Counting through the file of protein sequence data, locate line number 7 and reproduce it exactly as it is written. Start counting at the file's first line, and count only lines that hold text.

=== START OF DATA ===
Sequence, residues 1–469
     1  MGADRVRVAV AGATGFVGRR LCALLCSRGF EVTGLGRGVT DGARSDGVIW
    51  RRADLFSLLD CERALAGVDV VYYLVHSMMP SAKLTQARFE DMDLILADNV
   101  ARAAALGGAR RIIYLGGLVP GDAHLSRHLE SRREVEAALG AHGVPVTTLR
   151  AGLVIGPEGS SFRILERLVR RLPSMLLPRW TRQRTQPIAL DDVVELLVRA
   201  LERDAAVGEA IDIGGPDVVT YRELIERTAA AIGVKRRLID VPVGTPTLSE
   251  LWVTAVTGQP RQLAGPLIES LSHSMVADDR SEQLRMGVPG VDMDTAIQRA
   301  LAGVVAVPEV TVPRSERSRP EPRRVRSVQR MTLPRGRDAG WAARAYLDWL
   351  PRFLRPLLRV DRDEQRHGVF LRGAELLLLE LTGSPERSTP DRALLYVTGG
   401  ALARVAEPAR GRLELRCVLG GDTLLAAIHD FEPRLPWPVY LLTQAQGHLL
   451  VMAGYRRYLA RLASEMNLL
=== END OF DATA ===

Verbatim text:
   251  LWVTAVTGQP RQLAGPLIES LSHSMVADDR SEQLRMGVPG VDMDTAIQRA